My great grandmother
‘Is that you in my garden,
my pea patch?’
She toils, calls to me,
in my misadventures,
The reins are taut,
the headland marked
in this fenced, gateless garden.
Did you see the sprouts burst from the bulb,
feel the tremors when the roots reached out,
hear them suck moisture from the ground
and murmur as they toiled
to penetrate the warming soil?
Did you see the leaves emerge from slender stems
watch the bud form so beauty might be born,
wonder at the hidden store of nectar
as the bee drank its fill?
Did you pick loveliness and place her in a vase,
watch the bloom fade and petals droop
and fall to nourish earth?
Did you proclaim the blessings we shared?
Zinnias bloom within my soul.
Why? I do not know.
Their roots sound growth,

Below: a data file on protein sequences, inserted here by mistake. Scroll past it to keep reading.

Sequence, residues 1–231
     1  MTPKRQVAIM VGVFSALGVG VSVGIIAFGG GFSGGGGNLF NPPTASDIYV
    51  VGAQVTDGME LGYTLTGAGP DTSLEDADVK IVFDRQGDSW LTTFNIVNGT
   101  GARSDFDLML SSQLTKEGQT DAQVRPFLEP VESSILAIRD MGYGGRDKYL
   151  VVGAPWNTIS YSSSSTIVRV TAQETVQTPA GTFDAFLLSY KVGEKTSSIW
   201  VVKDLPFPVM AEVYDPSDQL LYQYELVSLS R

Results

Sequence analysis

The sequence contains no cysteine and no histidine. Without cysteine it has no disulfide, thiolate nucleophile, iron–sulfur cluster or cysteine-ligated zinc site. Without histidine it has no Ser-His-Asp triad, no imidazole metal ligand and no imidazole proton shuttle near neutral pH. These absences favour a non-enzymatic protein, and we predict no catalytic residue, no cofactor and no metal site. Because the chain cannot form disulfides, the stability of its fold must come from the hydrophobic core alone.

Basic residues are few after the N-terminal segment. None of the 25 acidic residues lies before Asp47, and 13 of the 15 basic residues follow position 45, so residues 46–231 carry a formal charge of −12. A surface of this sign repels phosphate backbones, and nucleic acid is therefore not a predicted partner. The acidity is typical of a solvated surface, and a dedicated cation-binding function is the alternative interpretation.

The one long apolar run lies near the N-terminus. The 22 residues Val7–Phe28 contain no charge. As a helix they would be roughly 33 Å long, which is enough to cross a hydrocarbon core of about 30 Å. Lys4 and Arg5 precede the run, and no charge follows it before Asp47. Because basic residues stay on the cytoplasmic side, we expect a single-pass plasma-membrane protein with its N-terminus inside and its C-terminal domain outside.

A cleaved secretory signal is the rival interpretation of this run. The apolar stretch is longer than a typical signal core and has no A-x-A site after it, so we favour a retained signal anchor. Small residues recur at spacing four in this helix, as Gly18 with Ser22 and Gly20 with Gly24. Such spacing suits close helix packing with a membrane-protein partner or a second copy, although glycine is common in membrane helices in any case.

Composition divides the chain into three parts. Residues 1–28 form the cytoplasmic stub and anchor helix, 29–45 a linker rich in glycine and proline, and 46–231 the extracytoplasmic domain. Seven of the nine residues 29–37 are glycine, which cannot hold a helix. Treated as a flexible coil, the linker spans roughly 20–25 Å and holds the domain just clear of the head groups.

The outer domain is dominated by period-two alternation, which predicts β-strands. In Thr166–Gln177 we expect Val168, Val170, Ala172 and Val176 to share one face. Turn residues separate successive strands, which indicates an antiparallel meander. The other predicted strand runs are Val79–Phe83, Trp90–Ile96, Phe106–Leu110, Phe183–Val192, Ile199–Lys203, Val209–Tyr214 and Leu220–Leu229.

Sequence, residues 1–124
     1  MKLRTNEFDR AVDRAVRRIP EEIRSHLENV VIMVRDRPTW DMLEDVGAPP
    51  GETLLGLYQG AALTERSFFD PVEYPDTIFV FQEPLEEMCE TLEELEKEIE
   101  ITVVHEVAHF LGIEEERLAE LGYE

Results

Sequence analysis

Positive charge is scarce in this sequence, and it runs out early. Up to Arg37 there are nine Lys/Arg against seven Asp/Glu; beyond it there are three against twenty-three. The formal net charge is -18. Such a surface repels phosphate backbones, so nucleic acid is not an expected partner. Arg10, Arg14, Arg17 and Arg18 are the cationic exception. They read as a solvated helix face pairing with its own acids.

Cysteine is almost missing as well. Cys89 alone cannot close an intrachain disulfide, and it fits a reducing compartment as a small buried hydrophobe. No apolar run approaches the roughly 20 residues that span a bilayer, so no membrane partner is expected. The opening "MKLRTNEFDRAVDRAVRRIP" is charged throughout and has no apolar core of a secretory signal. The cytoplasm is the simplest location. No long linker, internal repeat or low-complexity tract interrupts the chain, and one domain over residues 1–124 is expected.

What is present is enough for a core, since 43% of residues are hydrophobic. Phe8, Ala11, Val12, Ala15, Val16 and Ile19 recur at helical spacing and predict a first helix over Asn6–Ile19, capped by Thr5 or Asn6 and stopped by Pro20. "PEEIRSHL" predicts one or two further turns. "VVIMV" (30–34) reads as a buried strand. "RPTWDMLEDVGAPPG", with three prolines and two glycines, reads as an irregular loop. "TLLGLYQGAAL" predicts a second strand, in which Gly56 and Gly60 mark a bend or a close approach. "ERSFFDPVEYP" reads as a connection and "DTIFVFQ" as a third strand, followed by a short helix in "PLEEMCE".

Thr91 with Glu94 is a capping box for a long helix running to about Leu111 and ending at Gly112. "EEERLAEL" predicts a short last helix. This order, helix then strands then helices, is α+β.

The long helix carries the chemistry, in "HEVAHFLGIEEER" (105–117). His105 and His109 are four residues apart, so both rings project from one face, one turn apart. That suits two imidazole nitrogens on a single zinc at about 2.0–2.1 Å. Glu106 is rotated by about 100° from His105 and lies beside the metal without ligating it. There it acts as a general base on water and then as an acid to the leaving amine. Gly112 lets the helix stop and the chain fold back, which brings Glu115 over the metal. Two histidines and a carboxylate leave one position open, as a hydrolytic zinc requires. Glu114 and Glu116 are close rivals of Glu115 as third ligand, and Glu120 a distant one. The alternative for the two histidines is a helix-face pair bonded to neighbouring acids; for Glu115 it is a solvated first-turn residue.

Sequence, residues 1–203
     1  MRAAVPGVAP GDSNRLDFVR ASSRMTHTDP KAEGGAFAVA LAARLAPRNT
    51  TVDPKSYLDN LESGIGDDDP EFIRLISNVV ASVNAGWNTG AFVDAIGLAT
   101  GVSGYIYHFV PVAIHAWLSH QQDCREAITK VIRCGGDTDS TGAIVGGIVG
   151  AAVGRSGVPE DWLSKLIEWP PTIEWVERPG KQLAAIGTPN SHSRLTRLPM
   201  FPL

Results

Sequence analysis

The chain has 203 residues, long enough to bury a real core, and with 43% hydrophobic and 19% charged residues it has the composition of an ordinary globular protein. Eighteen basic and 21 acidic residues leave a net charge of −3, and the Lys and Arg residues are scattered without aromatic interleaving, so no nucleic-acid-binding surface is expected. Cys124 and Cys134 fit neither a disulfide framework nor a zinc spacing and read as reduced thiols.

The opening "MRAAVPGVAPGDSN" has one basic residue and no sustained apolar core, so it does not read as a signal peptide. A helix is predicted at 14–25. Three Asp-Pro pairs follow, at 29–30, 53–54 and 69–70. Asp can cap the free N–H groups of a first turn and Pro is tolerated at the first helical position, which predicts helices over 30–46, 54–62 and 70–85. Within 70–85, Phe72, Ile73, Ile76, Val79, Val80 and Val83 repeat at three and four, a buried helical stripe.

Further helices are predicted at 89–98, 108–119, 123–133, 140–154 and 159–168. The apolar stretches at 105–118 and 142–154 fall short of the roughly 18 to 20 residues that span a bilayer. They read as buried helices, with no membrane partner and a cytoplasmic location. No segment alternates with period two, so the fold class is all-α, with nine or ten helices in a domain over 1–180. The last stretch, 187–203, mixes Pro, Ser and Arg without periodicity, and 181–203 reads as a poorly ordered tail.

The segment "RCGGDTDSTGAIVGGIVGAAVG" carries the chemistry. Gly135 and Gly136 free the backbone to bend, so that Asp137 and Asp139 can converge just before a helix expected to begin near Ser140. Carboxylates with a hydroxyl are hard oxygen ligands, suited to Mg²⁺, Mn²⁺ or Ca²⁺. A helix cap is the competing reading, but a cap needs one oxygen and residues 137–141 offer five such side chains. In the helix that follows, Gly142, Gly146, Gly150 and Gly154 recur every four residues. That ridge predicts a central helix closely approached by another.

seeds form, buds are born
perpetually, reminding me
I have always been,
will always be,
where is the dichotomy?
The apostrophe has shadowed me ever
since my grade eight teacher took a boy’s
hat — my own — and threw it at the class.
Her reprimand touched upon how Jerusalem
was apostrophized to scale Lebanon, Bashan
and Abe rim, high mountains where one might
gaze at the ruins of the false leaders of Judah.
My teacher said I should submit
an essay, fully rectified, the next day.
O apostrophe, teach me the rules I should
have learned at school. And return my hat.